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Featured Buzz | April 9

By Debbie Bunch

April 9, 2024

New Target for Allergic Asthma

According to researchers from the Keck School of Medicine at the University of Southern California, inhibiting the immune cells most commonly associated with driving allergic asthma could lead to significant improvements in asthma outcomes.

The investigators explain that immune cells in the lungs called type 2 innate lymphoid cells (ILC2s) are activated when faced with allergens, causing proinflammatory signals that drive the recruitment of other immune cells into the lungs and lead to airway inflammation.

They discovered that ILC2s also produce a protein known as Piezo1 that can limit the ability of ILC2s to foster this inflammation.

In their studies, ILC2s in mice without Pieszo1 became more active in response to allergens than normal and the mice developed more airway inflammation. However, when treated with a drug called Yoda1 that switches on the Piezo1 channels, ILC2 activity in these mice was reduced and the mice suffered from fewer allergy-related symptoms.

From there, the researchers tested the effects of Yoda1 on mice who had their ILC2s replaced with human ILC2s, finding that these mice also had reduced airway hyperreactivity and lung inflammation. This led them to suggest drugs like Yoda1 may be an effective treatment for ILC2-dependent airway inflammation in humans.

“Given the importance of ILC2s in allergic asthma, there is an urgent need to develop novel mechanism-based approaches to target these critical drivers of inflammation in the lungs,” said study author Omid Akbari, PhD. “Future studies are therefore warranted to delineate the role of Piezo1 channels in human patients with asthma and to develop Piezo1-driven therapeutics for the treatment of allergic asthma pathogenesis.”

The study, which was supported by a grant from the National Institutes of Health, was published by the Journal of Experimental Medicine. Read More

E-Cigarettes Linked to Heart Failure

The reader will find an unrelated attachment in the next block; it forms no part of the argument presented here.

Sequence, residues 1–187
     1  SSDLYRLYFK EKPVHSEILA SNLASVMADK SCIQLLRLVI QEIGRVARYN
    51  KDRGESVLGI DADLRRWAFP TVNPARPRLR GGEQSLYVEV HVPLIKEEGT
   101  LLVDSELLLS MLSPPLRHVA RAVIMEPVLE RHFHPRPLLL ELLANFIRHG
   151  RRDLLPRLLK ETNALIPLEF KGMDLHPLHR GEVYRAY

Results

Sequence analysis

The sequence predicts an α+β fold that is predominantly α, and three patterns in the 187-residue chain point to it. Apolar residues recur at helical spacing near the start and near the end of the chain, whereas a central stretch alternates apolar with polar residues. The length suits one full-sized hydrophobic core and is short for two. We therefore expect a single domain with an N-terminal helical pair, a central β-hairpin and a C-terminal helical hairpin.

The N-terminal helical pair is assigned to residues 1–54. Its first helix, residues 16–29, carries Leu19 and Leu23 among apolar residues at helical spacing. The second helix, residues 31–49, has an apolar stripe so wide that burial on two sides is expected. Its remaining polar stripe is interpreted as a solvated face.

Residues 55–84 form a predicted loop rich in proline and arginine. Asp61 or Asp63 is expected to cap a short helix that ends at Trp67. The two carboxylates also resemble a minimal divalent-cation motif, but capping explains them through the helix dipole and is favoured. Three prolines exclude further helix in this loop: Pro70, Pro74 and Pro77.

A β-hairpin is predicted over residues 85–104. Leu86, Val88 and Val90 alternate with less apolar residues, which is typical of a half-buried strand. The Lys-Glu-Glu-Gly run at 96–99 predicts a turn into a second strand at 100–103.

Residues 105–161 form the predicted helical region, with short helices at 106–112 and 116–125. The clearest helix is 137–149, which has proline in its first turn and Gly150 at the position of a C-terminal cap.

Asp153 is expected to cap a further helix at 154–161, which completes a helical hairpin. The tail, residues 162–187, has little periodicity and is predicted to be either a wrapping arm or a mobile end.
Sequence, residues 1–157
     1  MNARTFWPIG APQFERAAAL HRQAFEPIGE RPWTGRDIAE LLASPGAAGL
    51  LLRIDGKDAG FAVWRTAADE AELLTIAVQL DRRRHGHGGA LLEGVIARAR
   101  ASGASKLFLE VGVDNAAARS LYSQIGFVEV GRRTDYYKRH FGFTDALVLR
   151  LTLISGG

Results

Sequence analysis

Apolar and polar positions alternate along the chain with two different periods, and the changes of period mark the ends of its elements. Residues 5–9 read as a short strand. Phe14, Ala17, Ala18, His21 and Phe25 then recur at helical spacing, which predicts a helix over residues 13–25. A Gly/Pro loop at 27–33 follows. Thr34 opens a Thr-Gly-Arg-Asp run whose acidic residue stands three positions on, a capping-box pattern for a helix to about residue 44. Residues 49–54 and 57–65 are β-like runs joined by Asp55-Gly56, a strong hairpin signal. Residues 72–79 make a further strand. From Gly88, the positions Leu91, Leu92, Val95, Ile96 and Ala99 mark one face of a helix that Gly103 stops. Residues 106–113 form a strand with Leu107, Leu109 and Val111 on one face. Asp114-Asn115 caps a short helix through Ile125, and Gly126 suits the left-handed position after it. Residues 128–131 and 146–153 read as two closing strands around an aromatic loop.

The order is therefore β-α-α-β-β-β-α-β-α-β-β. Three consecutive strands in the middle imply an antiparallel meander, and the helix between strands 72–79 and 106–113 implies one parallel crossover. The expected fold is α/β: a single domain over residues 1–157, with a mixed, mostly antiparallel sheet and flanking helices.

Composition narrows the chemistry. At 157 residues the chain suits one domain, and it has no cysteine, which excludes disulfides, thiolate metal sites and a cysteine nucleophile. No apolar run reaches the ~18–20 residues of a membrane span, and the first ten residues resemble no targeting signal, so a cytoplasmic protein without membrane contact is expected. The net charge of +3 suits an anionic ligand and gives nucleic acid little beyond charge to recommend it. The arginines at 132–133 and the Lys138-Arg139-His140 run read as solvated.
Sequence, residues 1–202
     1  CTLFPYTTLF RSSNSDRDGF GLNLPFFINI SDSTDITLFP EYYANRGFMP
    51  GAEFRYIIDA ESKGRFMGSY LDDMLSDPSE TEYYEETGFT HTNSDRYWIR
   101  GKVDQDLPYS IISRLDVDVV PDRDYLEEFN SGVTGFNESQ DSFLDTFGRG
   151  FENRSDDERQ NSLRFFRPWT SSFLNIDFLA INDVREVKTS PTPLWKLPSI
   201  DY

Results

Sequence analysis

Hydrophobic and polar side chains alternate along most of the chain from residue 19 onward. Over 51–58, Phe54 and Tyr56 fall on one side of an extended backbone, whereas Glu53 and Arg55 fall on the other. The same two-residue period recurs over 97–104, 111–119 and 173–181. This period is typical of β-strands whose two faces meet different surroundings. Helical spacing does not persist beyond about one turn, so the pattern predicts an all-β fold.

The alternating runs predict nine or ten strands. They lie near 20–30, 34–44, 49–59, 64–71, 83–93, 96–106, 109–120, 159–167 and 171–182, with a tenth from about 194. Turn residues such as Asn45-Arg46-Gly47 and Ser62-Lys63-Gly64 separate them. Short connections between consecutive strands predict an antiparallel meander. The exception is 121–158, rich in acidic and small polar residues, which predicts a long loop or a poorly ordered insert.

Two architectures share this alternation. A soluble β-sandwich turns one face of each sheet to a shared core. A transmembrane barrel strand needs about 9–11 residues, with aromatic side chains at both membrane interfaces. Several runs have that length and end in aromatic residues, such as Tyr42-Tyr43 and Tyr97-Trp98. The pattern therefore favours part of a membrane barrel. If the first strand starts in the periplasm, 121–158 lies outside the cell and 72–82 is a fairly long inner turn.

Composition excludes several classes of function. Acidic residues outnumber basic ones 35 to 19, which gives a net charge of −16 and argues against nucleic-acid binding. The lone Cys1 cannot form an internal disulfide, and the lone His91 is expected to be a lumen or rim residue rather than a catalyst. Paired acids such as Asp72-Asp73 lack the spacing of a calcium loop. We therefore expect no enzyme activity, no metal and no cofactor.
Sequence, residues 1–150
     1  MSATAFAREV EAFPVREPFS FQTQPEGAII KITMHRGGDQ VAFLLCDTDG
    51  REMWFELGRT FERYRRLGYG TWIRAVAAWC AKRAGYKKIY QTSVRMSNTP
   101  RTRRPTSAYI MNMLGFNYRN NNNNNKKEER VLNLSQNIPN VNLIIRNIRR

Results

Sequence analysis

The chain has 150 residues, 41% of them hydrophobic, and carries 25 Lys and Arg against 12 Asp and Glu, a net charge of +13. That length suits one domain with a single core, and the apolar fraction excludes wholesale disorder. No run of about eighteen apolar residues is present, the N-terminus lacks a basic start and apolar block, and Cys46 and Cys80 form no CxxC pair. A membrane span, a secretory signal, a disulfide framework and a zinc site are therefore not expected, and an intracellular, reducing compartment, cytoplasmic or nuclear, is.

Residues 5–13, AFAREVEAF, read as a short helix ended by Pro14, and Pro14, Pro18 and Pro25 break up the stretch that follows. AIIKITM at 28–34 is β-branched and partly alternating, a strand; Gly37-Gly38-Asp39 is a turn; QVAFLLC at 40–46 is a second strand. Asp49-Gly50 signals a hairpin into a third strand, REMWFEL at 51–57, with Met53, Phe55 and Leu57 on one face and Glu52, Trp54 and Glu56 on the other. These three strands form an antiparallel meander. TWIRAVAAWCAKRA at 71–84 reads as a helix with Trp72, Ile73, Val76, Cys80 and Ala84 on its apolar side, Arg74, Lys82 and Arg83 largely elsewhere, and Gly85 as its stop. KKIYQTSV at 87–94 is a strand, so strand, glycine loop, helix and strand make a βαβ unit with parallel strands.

In one of the largest prospective studies to date, researchers from MedStar Health in Baltimore have found that people who have ever used e-cigarettes are more likely to develop heart failure than people who have never used them.

The study looked at data from surveys and electronic health records collected for the All of Us trial conducted by the National Institutes of Health. The investigators analyzed associations between e-cigarette use and new diagnoses of heart failure in 175,667 study participants. The average age of the participants was 52 and 60.5% were female.

Among this group, 3,242 participants developed heart failure within a median follow-up of 45 months. Specific results showed —

  • People who used e-cigarettes at any point were 19% more likely to develop heart failure than people who had never used e-cigarettes.
  • The finding held true despite adjustments for demographic and socioeconomic factors, other heart disease risk factors, and participants’ past and current use of other substances, including alcohol and tobacco products.
  • The relationship between e-cigarettes and heart failure was not modified by age, sex, or smoking status.
  • The increased risk associated with e-cigarette use was statistically significant for heart failure with preserved ejection fraction, in which the heart muscle becomes stiff and does not properly fill with blood between contractions.
  • The association was not significant for heart failure with reduced ejection fraction, in which the heart muscle becomes weak and the left ventricle does not squeeze as hard as it should during contractions.

“I think this research is long overdue, especially considering how much e-cigarettes have gained traction,” said study author Yakubu Bene-Alhasan, MD. “We don’t want to wait too long to find out eventually that it might be harmful, and by that time a lot of harm might already have been done. With more research, we will get to uncover a lot more about the potential health consequences and improve the information out to the public.”

The study was presented at the recent American College of Cardiology’s Annual Scientific Session. Read More

How Insomnia May Impact Asthma Control

In a study that matched asthma patients with and without insomnia on a one-to-one basis, U.S. researchers publishing in the Journal of Asthma found asthma patients who suffer from insomnia are more likely to report symptoms of depression and they also have more acute exacerbations of asthma per year.

The investigators looked at 659 patients at one large asthma center. Among that group 89 had insomnia and 68.5% of these patients also had a diagnosis of depression or anxiety. That compared to just 11.4% of the asthma patients who did not report insomnia. Insomnia patients were more likely to have a concurrent diagnosis of obstructive sleep apnea as well, 57.3% vs. 18% for those without insomnia.

When it came to asthma exacerbations, patients with insomnia had an average of 0.93 per year compared to 0.59 for patients without insomnia.

“Our data reveal a considerable interaction between insomnia, depression, and obstructive sleep apnea in individuals with asthma,” write the authors. “The increased exacerbation rate suggests that underlying sleep and mood disorders negatively affect asthma control.” Read More


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